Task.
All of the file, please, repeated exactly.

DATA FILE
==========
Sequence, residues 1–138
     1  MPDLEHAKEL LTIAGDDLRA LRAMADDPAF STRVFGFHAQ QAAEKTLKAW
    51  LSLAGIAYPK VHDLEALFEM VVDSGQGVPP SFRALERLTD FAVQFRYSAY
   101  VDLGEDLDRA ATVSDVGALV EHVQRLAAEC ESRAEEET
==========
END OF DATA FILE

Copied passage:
Sequence, residues 1–138
     1  MPDLEHAKEL LTIAGDDLRA LRAMADDPAF STRVFGFHAQ QAAEKTLKAW
    51  LSLAGIAYPK VHDLEALFEM VVDSGQGVPP SFRALERLTD FAVQFRYSAY
   101  VDLGEDLDRA ATVSDVGALV EHVQRLAAEC ESRAEEET